To Bob, this quote is asserting that the best-written character is one who fails — indeed, that humanity itself equals failure; and who wants to read such misanthropy? To Ted, this quote is praising the irrational screw-up rather than the flawed yet ultimately competent character; and who wants to read about incompetent characters?

I'm not about to tell Bob and Ted that Lem is actually imbued with a cheerful vision or that his characters are badass heroes; because he isn't and they aren't. I suspect that Bob and Ted might dislike Lem even if they judged him by actually reading him. But it is unjust that Bob and Ted now have a distaste for Lem because of what Harry said.

You see, Harry is wrong. To say that Lem has the best humans in science fiction is to say that Frosted Flakes have the best jalapeƱos in breakfast cereals. There are no humans in Lem's books. There are barely any characters.

I've been reading Lem for over thirty years. I have read Solaris four or five times. I love Stanislaw Lem. But honestly, there is no denying the lack of characters in his work.

While it is true that one can point to Ijon Tichy, Pirx the Pilot, or the robots Trurl and Klapauscius, and one could say that each is distinctive, ultimately each is just a character type meant to sustain the type of story he appears in: SF comedy, SF adventure, or robot fable. Indeed, when someone like Tichy ends up in a non-comic tale, it becomes even clearer how merely flexible each character is: an appropriate Protagonist with, at most, a pinch of flavor.

This is especially true in Lem's serious novels. Not one of his characters is memorable as a person. I admit this has always disappointed me. Notably I consider Solaris so good because, rarely among his works, it utilizes actual human emotions. Another of his very best stories — The Mask, about a robot assassin who falls in love with her target — is best precisely because it engages one's sympathy (and has one of the best final sentences ever). But most of the time Lem doesn't care about people, nor emotions qua emotions. His concerns are philosophical; cosmic. His interest is in the man as an atom of mankind, not in the man as a fellow soul.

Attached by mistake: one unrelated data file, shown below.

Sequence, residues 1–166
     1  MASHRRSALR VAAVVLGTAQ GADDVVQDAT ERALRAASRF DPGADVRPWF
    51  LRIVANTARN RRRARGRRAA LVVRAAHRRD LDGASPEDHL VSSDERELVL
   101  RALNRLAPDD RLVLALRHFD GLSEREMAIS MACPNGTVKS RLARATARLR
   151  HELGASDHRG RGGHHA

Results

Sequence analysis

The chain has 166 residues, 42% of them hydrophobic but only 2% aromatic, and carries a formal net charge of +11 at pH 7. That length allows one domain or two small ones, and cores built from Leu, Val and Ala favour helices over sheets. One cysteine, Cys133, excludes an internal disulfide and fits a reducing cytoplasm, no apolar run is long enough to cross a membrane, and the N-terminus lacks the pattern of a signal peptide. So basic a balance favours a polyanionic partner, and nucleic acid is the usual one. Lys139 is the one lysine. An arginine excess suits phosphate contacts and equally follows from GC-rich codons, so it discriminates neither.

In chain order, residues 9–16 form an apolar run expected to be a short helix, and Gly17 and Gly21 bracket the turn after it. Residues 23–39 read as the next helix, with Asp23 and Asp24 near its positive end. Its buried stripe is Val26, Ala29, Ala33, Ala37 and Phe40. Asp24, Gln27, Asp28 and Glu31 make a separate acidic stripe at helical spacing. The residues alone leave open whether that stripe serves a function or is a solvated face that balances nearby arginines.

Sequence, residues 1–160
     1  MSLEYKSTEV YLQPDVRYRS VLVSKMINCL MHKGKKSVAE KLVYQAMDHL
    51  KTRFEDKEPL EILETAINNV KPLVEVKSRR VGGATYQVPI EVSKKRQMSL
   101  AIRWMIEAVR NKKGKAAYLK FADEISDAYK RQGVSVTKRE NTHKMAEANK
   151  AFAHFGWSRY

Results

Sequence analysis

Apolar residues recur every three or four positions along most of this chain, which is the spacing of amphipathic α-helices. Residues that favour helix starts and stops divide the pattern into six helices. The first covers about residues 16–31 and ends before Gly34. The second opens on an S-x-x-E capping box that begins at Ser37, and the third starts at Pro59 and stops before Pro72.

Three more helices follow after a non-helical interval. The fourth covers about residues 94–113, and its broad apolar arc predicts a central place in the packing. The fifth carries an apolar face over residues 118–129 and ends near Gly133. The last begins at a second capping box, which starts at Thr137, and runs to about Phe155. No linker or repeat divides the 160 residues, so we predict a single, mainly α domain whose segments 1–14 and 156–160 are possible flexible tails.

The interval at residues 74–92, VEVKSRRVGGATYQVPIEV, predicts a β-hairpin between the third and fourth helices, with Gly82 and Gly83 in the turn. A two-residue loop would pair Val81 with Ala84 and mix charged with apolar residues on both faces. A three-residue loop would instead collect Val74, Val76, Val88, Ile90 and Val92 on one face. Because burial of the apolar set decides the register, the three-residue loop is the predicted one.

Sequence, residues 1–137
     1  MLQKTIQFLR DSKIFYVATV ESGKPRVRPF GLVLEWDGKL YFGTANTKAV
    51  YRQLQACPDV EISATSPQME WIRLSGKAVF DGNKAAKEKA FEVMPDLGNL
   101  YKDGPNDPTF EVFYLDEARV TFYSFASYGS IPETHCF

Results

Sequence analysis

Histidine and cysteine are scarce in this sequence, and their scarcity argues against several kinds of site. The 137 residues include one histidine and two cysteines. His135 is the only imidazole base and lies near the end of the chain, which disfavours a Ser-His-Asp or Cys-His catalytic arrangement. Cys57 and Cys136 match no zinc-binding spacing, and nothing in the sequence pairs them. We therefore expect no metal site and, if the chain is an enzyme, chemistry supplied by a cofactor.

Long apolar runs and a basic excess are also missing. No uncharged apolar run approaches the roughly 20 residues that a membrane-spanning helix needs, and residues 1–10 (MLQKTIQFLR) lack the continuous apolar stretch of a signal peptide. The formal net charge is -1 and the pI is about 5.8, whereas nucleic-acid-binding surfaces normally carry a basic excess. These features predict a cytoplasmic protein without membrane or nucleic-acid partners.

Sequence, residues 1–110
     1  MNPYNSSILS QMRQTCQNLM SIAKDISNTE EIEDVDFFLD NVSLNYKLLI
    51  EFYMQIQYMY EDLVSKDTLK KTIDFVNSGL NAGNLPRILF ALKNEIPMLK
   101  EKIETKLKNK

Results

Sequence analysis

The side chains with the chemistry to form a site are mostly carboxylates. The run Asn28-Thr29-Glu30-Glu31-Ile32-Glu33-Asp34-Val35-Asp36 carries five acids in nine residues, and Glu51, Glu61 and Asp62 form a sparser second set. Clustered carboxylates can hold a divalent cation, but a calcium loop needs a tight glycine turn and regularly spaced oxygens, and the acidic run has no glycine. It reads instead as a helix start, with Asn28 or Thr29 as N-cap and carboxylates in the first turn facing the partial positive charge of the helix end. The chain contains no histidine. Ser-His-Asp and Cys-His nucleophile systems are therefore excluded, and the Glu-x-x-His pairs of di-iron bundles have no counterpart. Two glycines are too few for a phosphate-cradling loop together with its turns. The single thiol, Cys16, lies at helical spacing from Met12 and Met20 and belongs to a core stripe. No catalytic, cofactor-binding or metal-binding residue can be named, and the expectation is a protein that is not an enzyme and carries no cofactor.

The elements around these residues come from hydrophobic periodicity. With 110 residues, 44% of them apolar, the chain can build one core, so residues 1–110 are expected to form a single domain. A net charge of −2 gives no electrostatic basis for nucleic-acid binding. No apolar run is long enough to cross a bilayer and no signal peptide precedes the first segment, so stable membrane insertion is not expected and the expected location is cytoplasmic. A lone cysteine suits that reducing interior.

So does that make his work deficient? Dry? Dull? Not often. He writes wonderfully and sets your mind a-thinking. His robot fables are damn delightful. But, contra Harry, you will never find irrational screw-ups nor the proud and the vain in Lem's dramatis personae. Harry's statement asserts too much. What you will find in Lem is irrationality, screwing-up, pride, and vanity: that is, human weaknesses all but disembodied. A character in Lem is playing a fairy-tale role, at best demonstrating an aspect of human behavior, contributing to Lem's exposition of the cruel mysteries of the universe. Lem's characters are vessels with nametags.

You will find a Snow White in Lem, but never a Falstaff.

In the end I agree with Bob and Ted that Harry is wrong about the "best" humans. It is a pernicious lie that humans are most human when they fail. That is the self-serving excuse for sin, after all. But as I have tried to point out, Harry is wrong about Lem as well. In no sense does Lem contain the best "humans" in science fiction. So ignore Harry.

But read Lem. Yes, you may have to be selective, since at times he can get so philosophical the fiction disappears. Seek anything with Tichy, Pirx, or robots; read the novels Solaris, Eden, Fiasco, Peace on Earth, and above all His Master's Voice; and just be ready to focus on those nametags, because the characters won't really stand out otherwise.

P.S. Lem also wrote excellent reviews of, and introductions to, non-existent books and treatises; but of course these are even more removed from character-rich fiction.